In a letter to the Home Secretary Priti Patel on the anniversary of Windrush Day, Southwark Councillor Alice Macdonald, cabinet member for equalities, neighbourhoods and leisure, has challenged the government on the compensation scheme.
The council has also called upon the government to provide extra funding and support to help those affected to access free, high quality legal and immigration advice.
“Since 2019, thousands of people have been affected by this scandal, but many are reluctant, and often frightened, to ask for help,” it reads.
“As of May 2021, only an estimated 19 per cent of those people known to be eligible for help have come forward. By the end of May 2021, 2,367 claims had been made, but only 687 people had been awarded payments.”
Cllr Macdonald said: “Southwark is immensely proud of its diversity and the positive contribution of generations of people from the Caribbean. We cannot right the past wrongs, but it is our duty to ensure that our residents receive justice, and where they need support, I want them to know we are here to help them get what is due to them.
“We will hold the government to account on their promise to pay compensation, and we will continue to do all we can to ensure that this atrocity is never forgotten.”
The Windrush Compensation Scheme (WCS) was launched in April 2019 to compensate members of the Windrush generation and their families for the losses and impacts they have suffered as a result of not being able to demonstrate their lawful immigration status.
Southwark is home to many families of Caribbean origin. Though it is not known how many of residents of the borough may be entitled to compensation through the Windrush Compensation Scheme, it is estimated to be nearly 2,000, The Independent understands.
The 2011 census found that of 7,750 Southwark residents born in the Caribbean, 5,500 held a UK passport and 2,000 held passports from the Caribbean or Americas.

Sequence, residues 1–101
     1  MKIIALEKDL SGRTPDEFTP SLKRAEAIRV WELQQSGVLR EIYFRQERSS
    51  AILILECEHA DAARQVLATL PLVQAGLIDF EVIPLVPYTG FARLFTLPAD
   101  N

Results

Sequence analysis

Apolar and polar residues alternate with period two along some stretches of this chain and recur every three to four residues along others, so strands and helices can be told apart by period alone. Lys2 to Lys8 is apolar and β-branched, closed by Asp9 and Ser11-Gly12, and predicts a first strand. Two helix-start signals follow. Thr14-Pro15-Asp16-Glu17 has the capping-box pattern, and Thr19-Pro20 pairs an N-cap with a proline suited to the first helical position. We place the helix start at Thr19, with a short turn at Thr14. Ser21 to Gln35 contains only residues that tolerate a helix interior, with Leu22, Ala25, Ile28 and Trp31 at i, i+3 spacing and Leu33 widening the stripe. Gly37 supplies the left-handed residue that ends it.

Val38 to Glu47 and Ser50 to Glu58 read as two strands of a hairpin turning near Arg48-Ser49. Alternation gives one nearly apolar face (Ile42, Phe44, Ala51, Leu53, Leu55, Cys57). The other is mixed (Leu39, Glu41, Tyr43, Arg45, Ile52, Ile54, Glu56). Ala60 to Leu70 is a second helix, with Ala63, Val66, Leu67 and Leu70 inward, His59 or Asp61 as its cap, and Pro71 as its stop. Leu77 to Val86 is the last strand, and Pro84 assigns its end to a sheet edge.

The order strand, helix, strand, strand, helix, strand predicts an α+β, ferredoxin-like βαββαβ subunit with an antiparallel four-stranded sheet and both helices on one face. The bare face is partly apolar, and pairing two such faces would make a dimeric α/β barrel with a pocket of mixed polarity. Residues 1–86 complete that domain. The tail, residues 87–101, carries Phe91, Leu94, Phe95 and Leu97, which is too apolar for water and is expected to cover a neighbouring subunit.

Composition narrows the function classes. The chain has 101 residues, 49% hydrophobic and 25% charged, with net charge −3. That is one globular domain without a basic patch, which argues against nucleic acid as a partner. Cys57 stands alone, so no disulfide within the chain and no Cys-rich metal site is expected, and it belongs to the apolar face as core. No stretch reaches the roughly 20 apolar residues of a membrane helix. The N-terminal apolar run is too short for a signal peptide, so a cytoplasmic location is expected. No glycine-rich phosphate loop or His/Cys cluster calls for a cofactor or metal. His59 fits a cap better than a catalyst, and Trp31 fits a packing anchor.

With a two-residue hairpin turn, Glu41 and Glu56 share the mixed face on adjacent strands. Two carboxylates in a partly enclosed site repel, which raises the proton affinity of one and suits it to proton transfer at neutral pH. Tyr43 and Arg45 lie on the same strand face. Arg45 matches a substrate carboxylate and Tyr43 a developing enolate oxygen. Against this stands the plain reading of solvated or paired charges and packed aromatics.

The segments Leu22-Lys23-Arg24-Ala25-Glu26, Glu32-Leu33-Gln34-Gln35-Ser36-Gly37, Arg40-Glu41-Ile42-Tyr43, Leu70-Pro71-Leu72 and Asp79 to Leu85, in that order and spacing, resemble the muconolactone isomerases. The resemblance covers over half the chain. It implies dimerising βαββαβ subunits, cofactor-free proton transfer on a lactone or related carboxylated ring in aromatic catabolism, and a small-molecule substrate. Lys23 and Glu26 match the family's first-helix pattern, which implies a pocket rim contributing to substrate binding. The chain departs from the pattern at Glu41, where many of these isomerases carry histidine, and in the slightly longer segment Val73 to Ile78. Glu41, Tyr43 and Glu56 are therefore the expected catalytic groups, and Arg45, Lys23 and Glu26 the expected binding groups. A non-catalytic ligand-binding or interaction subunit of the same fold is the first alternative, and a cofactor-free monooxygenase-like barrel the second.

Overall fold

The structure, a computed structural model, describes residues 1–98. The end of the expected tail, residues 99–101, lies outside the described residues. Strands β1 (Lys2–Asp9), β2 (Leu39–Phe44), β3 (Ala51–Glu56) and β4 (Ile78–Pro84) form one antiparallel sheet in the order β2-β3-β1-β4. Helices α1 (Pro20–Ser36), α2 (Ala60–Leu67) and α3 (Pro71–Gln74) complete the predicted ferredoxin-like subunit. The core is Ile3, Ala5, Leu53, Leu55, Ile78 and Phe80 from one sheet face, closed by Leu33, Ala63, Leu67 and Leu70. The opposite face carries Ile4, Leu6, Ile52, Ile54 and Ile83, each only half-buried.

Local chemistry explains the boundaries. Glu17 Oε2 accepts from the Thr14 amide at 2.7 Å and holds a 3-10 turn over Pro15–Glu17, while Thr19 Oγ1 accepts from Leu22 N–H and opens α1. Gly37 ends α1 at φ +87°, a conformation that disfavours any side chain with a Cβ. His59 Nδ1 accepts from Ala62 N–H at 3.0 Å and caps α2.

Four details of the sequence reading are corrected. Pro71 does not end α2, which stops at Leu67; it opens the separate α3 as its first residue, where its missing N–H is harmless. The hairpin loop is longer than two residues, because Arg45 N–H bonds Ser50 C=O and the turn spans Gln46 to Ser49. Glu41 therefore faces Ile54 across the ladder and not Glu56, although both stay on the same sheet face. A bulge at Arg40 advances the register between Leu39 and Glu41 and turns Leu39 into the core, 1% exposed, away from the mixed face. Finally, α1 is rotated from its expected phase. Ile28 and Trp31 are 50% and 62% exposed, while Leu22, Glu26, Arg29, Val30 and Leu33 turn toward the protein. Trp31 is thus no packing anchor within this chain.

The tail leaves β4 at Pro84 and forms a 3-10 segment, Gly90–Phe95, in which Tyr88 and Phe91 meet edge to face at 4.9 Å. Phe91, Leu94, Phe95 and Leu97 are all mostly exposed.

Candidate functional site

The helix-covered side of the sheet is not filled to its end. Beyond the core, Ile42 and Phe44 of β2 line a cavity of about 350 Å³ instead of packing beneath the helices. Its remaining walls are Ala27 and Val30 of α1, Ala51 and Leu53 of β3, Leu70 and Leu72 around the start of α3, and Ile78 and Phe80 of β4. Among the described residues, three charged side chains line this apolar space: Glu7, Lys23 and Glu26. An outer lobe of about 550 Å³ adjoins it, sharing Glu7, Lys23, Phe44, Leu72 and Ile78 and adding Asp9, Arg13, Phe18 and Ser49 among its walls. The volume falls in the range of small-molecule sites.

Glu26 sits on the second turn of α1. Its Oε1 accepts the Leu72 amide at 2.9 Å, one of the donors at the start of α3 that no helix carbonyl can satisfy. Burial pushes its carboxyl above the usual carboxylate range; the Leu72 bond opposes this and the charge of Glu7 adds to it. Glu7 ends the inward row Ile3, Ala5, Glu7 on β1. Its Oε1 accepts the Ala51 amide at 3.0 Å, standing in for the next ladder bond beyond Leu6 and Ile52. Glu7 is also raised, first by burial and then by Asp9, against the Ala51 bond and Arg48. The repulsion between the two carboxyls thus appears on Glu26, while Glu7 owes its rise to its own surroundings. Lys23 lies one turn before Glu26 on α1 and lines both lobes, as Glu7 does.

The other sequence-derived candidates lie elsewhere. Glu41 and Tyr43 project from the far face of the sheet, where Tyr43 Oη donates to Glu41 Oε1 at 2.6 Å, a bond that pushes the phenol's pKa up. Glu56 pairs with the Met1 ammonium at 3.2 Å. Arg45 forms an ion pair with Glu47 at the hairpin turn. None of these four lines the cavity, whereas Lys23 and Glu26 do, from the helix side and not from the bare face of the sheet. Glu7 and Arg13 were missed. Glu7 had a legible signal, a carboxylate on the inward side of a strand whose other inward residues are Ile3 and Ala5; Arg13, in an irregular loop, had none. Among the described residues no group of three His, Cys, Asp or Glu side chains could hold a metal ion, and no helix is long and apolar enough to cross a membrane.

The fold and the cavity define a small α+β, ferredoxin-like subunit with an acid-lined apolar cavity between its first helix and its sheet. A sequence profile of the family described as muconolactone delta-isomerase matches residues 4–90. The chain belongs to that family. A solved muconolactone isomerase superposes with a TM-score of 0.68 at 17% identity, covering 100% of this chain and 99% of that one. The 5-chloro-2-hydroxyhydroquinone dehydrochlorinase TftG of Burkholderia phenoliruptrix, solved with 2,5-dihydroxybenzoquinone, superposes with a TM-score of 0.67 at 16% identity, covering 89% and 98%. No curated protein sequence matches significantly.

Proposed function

The council has asked the government to clarify data on how many people in its borough have applied for or received compensation. The Home Office does not currently release data on applications at the local authority level.
Signatories of the letter include Marina Ahmad, London Assembly Member for Lambeth and Southwark; Sally Causer, Executive Director – Southwark Law Centre, Neil Coyle MP, Member of Parliament for Bermondsey and Old Southwark Harriet Harman MP, Member of Parliament for Camberwell and Peckham Helen Hayes MP, Member of Parliament for Dulwich and West Norwood.
The Windrush Lessons Learned Review by Wendy Williams found that the causes of the scandal can be traced back through successive rounds of policy and legislation around immigration and nationality from the 1960s onwards, the aim of which was to restrict the eligibility of certain groups to live in the UK.
A Home Office review of deportations 2018-19 found 164 cases of Caribbean nationals having been resident in the UK prior to 1973. It is estimated that the total numbers of people directly affected may be in the high hundreds or low thousands.
Some 21 people have died while awaiting for Windrush compensation, amid continuing concern that the scheme is taking too long to make payments to elderly people affected by the scandal, official figures show.
Southwark Law Centre’s legal team is aware of at least two Windrush clients who died before their immigration matters concluded in their favour and before compensation was paid.